A Day with Doraemon At The Fujiko F. Fujio Museum | Japan Guide

Who is “Fujiko F. Fujio”?

Fujiko Fujio (藤子不二雄 Fujiko Fujio) was a nom de plume of a manga writing duo formed by two Japanese manga artists. Their real names are Hiroshi Fujimoto (藤本 弘 Fujimoto Hiroshi, 1933–1996) and Motoo Abiko (安孫子 素雄 Abiko Motoo, 1934–). They formed their partnership in 1951, and used the Fujiko Fujio name from 1954 until dissolution of the partnership in 1987. From the outset they adopted a collaborative style where both worked simultaneously on the story and artwork, but as they diverged creatively they started releasing individual works under different names, Abiko as Fujiko Fujio A (藤子不二雄Ⓐ Fujiko Fujio Ē), and Fujimoto as Fujiko F. Fujio (藤子・F・不二雄 Fujiko Efu Fujio). Throughout their career they won many individual and collaborative awards, and are best known for creating the popular and long-running series Doraemon, the main character of which is officially recognized as a cultural icon of modern Japan. Some influences of most of their projects are the works of acclaimed manga artist Osamu Tezuka and many US cartoons and comic books.

It’s no surprise that Japan is home to some of the most famous characters, beloved by generations of children who grew up with them. From manga comics to feature length films, Doraemon, the blue robot cat from the future, is just one of the many loved characters created by the manga duo Fujiko Fujio.

Opened in 2011, the Fujiko F. Fujio Museum in Kawasaki is home to original pieces drawn by Fujimoto. You really are able to feel the affection and passion he had for creating a legacy which many people of all ages will appreciate.

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Reference: flickr ©Fujiko-Pro

Upon entering the museum, visitors can pick up audio guides, which are available in English, Japanese, Korean and Chinese. These are used for the first floor of the museum, where you can select a number which is displayed next to an exhibit to hear information on that piece. This floor is where you can view personal items and materials Fujimoto used to create his manga, along with original watercolor paintings. The lighting has been adjusted accordingly to preserve the drawings, and photographs are not allowed in this area of the museum. One area on this level where photos are permitted is the Woodcutter’s Spring, located on the balcony between the first and second floors. This is where you can meet Gian, a sometimes-friend to Nobita and Doraemon.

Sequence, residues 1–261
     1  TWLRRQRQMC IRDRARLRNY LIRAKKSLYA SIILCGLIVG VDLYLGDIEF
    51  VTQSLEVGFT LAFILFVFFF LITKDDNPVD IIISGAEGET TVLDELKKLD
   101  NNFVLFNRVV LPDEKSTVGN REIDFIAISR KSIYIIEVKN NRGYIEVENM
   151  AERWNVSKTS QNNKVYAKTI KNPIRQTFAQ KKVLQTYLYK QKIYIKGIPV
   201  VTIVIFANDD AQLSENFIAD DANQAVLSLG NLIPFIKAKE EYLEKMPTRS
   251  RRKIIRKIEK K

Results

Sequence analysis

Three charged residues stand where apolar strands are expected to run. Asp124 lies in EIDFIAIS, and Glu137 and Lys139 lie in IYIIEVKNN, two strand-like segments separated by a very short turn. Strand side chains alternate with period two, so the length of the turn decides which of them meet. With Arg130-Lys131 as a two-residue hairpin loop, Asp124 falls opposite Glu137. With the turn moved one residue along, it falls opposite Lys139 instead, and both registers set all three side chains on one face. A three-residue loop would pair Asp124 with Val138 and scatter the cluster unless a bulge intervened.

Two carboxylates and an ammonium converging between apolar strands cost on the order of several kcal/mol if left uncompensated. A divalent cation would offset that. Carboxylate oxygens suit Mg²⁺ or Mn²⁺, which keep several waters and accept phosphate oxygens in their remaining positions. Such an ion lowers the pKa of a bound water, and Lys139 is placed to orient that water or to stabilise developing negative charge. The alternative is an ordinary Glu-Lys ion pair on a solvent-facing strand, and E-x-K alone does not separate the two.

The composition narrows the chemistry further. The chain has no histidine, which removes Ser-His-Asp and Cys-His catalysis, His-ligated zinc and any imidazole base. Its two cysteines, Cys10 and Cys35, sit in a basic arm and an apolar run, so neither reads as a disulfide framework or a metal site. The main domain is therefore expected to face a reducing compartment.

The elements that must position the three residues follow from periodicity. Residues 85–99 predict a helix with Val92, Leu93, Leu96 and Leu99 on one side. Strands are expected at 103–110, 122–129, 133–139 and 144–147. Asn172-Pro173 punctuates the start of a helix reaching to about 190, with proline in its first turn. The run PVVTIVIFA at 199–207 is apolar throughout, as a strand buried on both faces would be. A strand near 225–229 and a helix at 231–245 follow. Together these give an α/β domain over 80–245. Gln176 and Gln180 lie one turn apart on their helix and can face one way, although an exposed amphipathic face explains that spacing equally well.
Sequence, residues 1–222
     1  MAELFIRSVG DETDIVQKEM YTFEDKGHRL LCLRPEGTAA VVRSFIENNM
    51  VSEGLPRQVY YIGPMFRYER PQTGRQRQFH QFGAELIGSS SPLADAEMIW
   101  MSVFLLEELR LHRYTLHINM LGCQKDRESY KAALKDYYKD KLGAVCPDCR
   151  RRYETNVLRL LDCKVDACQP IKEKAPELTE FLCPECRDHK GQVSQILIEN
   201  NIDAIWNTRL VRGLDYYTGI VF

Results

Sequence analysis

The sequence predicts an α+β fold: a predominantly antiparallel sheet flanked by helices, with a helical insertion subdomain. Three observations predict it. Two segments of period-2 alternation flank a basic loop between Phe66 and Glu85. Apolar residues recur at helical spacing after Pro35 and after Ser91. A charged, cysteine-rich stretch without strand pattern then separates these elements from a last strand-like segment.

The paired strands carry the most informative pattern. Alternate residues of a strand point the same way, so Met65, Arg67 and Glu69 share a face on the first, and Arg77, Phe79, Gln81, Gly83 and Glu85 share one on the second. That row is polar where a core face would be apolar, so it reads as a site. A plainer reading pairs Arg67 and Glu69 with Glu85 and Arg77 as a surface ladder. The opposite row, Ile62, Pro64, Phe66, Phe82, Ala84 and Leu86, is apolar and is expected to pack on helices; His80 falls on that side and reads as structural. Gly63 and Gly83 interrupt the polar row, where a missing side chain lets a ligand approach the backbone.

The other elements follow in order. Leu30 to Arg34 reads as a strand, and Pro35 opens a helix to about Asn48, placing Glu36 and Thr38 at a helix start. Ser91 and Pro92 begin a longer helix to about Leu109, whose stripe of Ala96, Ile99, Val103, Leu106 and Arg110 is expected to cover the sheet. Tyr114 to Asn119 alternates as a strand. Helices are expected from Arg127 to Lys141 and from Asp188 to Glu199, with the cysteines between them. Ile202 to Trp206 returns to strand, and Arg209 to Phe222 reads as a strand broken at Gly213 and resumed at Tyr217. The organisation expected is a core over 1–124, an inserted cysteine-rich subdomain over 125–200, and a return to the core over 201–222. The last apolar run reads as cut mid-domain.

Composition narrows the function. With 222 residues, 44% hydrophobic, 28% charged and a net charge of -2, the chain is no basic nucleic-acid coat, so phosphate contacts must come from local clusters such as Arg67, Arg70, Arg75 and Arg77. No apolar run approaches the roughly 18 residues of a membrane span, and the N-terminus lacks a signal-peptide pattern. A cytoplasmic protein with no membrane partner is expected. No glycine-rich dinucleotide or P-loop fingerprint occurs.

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Reference: flickr ©Fujiko-Pro

The second floor holds many more wonderful exhibits to enhance your experience with Doraemon and friends. Take the Manga Corner for example, where many volumes of the comics can be enjoyed (while Doraemon enjoys some of his favorite dorayaki snacks).

There is also the Fujiko F. Fujio Theatre, where short, original movies that can’t be viewed anywhere else are shown every twenty minutes. Be sure to take home some prizes from one of the two large gachapon machines (vending machines that dispense toys held inside plastic capsules) shaped as Doraemon and his sister, Dorami.

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Reference: flickr ©Fujiko-Pro

The rooftop playground is a relaxing open space for everyone to enjoy. In the center of the rooftop playground stands a beautiful tree with surrounding greenery. This is where you can take photos with Doraemon and other characters from the series.

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Reference: flickr ©Fujiko-Pro

One area that you can’t afford to miss is the Museum Cafe and Gift Corner Fujikoya on the museum’s third floor. The Gift Corner offers specialty goods which aren’t available in the main gift shop on the first floor, including original dorayaki, which are Japanese sponge cakes filled with sweet azuki bean paste—Doraemon’s absolute favorite treat. You can also purchase sweet rusks resembling one of Doraemon’s most interesting tools to help Nobi, the anki-pan. The cafe was a personal highlight for me, as I love how creatively put together the meals, desserts and drinks are.

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Reference: flickr

The Fujiko F. Fujio Museum is open everyday except Tuesdays and National Holidays. Reserved tickets are required, as the museum has four entry times a day so guests can enjoy everything without being rushed. These times are 10 a.m., 12 p.m., 2 p.m. and 4 p.m. Tickets can be purchased from Lawson convenience stores.

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Reference: savvytokyo.com ©Fujiko-Pro

The Deets

Address:
2-8-1 Nagao, Tama-ku, Kawasaki, Kanagawa

Phone: 0570-055-245

How much:
¥1,000 for adults and university students; ¥700 for junior high and high school students; ¥500 for children aged four and over; free for children aged three and younger.

Tickets: 
Purchase tickets using the Loppi ticket machines at Lawson convenience stores. For detailed instructions in English on how to use the machines, click here.

Web site: 
http://fujiko-museum.com/english/

Hotel: Booking here!!
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